Flag of Nepal

The Nepal flag became official on December 16, 1962. The flag is an odd shape: it’s the only national flag in the world that is not a square or rectangle.  The left side of the flag is straight and there are two points on the right side, almost like two right triangles on top of one another.

The flag’s blue border stands for peace.  The red background of the flag is the same color as Nepal’s national flower, the rhododendron.

There are two white pictures inside the Nepal flag: one a crescent moon, representing the royal house, and the other a sun, members of the Rana family who served as prime ministers of Nepal until 1961.  Today, however, the sun and the moon are also said to symbolize the hope that Nepal will last as long as these two aspects of nature.

In the Hindu religion, however, the Nepalese flag has much deeper meaning.  Both the sun and the moon and the red and the blue colors on the flag create a balance.  The sun, a symbol of fire, provides heat necessary for life, creating nourishment for all living beings.  The sun is linked to ancient Vedic rituals, the twelve months, and the twelve zodiac signs. The moon, in turn, is the symbol of Elixir, which is believed to give eternal life.

In many religions, including Hinduism, rituals are performed with lunar cycles.  Many Hindus see the sun as the center of the planets in our solar system and the moon as the center of the asteroids; similarly, they view the sun as a symbol of the soul and the moon as a symbol of the heart.

The colors in the flag also create a balance.  The red symbolizes closeness and heat, while the blue symbolizes distance and coolness.  Red signifies fire and blood, and the blue creates balance by signifying the sky and sea.  Many Hindus think of red as a color of bravery, love, energy, and good luck, and they think of blue as a color of wisdom, peace, and calmness.

Flag of Pakistan

The flag of Pakistan was adopted on August 14, 1947, the same day that Pakistan declared its independence. It is a rectangular shape divided into two sections: one smaller vertical white section and a larger green section with a white crescent moon and star. The founder of Pakistan, Quaid-i-Azam Muhammad Ali Jinnah designed the flag.

The green area of the flag represents the Muslim majority and the smaller white section represents other religious minorities residing in Pakistan.  The green and white color combination also symbolizes peace and affluence.  The crescent moon signifies progress while the five-pointed star represents light and wisdom.  The flag represents Pakistan’s dedication to the Islamic faith but also the rights of religious minorities.

The flag of Pakistan is flown on five specific days throughout the year as well as on any other government order.  The flag is flown at full mast on Pakistan Day, the anniversary of the adoption of the Lahore Resolution in 1940 and the declaration of the Islamic Republic in 1956.

On April 21, the flag is flown at half-mast, marking the anniversary of the death of Muhammad Iqbal, Pakistan’s national poet, in 1938.  The flag flies at full-mast on Pakistan’s Independence Day, August 14.  On September 11, the flag is flown at half-mast, marking the anniversary of the death of Muhammad Ali Jinnah, the founder of Pakistan and the flag’s designer.  Also commemorating Muhammad Ali Jinnah, the flag is flown at full-mast on December 25, marking the founder’s birthday.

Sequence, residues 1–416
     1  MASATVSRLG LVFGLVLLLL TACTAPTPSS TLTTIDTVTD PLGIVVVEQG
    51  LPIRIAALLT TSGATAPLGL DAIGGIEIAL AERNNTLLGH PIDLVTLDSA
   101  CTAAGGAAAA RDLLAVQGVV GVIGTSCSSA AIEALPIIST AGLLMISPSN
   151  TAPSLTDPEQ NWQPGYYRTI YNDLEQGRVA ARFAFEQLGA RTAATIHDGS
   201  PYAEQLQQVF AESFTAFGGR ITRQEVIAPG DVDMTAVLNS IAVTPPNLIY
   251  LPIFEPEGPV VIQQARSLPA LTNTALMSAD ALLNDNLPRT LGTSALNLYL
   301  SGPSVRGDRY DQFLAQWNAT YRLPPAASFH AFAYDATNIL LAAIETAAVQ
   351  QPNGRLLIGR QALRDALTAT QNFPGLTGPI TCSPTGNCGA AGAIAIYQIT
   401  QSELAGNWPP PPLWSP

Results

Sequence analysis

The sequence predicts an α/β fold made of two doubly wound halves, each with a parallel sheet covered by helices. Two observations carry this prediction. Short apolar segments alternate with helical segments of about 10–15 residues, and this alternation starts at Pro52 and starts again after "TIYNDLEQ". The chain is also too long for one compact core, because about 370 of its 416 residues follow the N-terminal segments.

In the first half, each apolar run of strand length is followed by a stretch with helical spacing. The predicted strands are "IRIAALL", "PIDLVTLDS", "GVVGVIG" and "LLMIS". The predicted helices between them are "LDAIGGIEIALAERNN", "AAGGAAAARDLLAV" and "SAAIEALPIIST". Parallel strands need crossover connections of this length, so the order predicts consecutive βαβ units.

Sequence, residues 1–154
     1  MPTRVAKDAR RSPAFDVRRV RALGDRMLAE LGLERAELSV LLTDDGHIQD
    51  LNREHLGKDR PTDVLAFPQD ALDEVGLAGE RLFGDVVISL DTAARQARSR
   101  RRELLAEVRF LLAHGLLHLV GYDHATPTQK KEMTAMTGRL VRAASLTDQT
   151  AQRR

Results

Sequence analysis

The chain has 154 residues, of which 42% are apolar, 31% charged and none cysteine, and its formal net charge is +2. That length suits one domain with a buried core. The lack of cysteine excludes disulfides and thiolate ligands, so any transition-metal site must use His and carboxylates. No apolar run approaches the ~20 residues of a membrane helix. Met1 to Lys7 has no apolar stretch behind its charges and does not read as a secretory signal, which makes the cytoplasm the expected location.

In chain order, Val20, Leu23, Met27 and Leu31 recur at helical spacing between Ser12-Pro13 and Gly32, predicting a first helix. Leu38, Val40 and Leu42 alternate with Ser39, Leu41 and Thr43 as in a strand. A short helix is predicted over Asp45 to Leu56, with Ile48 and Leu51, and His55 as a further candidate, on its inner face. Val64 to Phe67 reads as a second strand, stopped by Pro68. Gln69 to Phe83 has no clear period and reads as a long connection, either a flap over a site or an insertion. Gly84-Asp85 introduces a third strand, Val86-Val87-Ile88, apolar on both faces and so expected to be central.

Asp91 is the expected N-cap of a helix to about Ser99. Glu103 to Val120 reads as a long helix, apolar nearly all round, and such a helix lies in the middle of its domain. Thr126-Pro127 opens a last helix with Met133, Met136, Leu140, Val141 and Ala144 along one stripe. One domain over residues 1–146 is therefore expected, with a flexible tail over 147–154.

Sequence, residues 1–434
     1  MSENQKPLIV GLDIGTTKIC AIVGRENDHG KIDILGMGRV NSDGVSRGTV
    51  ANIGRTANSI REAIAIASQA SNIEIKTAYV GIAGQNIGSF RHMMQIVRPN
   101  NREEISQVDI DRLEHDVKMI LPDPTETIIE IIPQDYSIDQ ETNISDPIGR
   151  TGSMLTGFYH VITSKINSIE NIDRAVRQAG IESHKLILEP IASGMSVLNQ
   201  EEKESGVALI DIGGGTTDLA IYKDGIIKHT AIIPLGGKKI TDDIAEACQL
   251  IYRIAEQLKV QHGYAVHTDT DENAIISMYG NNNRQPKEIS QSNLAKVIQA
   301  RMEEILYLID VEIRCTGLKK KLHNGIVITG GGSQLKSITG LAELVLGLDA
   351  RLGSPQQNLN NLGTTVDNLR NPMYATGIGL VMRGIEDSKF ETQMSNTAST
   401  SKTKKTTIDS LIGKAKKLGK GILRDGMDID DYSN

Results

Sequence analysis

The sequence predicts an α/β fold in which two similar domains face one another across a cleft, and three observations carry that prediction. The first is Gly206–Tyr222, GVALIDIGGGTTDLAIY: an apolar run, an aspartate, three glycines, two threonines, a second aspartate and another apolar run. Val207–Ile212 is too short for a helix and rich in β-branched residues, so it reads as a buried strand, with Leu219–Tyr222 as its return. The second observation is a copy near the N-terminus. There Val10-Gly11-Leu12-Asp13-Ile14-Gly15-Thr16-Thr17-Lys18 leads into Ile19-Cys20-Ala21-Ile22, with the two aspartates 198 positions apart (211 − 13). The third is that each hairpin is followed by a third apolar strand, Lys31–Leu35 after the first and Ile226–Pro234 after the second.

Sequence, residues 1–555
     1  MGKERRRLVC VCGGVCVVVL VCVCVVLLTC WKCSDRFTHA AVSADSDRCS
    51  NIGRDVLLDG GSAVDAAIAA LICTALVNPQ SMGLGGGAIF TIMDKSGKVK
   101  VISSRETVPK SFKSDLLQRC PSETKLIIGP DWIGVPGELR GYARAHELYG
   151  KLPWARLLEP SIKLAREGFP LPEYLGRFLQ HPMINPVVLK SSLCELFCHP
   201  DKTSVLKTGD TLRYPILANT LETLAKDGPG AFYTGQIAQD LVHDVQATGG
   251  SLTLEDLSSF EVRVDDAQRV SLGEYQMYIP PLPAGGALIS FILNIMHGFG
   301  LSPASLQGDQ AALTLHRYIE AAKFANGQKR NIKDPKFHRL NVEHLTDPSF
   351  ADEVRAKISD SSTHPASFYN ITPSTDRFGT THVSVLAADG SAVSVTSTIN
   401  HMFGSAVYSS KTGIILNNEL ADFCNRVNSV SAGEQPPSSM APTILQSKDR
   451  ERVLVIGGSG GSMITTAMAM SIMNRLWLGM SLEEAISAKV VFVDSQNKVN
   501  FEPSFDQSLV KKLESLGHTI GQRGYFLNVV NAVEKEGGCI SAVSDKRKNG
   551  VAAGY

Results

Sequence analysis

Pakistan holds the world record for producing the largest flag.  At the Pakistan National Stadium in Karachi in August 2004, Pakistanis unveiled a 173,400 square foot national flag.

Flag of Peru

The flag of Peru was officially adopted on February 25, 1825. The flag is divided into three vertical sections: two red sections on the left and right sides and a white center section with the coat of arms in the center.  The colors of the flag were chosen by Jose de San Martin, “The Liberator,” and also symbolize the Incas and their influence on Peru’s culture.

This flag is the state flag or national ensign, and is only used by state institutions during ceremonies.  Peruvian citizens may use the national flag of Peru or civil flag, which contains only the red and white vertical stripes and does not feature the coat of arms.

The coat of arms is divided into thirds and contains pictures of a llama, a cinchona tree, and a cornucopia.  The llama is a common pack animal in Peru with deep cultural significance.  Before Incans resided in Peru, the Moche people would often offer llamas and llama body parts as offerings for the afterlife in burials of important people.  During the Incan empire, llamas served as both pack and herding animals, and they continued to be buried with the dead.  The Incan god Urcuchillay was also depicted as a multicolored llama.

The cinchona tree is native to Peru and is used for many medical remedies including treating malaria, killing parasites, relieving pain and fever, regulating heartbeat, and killing bacteria and fungi.  The cornucopia universally symbolizes abundance.

During the flag raising, Peruvians sing the Marcha de Banderas, or March of Flags, written in 1897 by Jose Salas Libornio.  The lyrics are as follows:

Long live, long live, long live Peru
and to its glorious immortal ensign
always carried aloft
the national flag.

They carry it with glory and honor,
Peruvian heroes with invincible ardor.
Up, up whenever the national flag.

This is the flag of Peru,
of white and red,
as a flame of love,
in Ayacucho and Junín
it dawned victorious with the
sun of Liberty.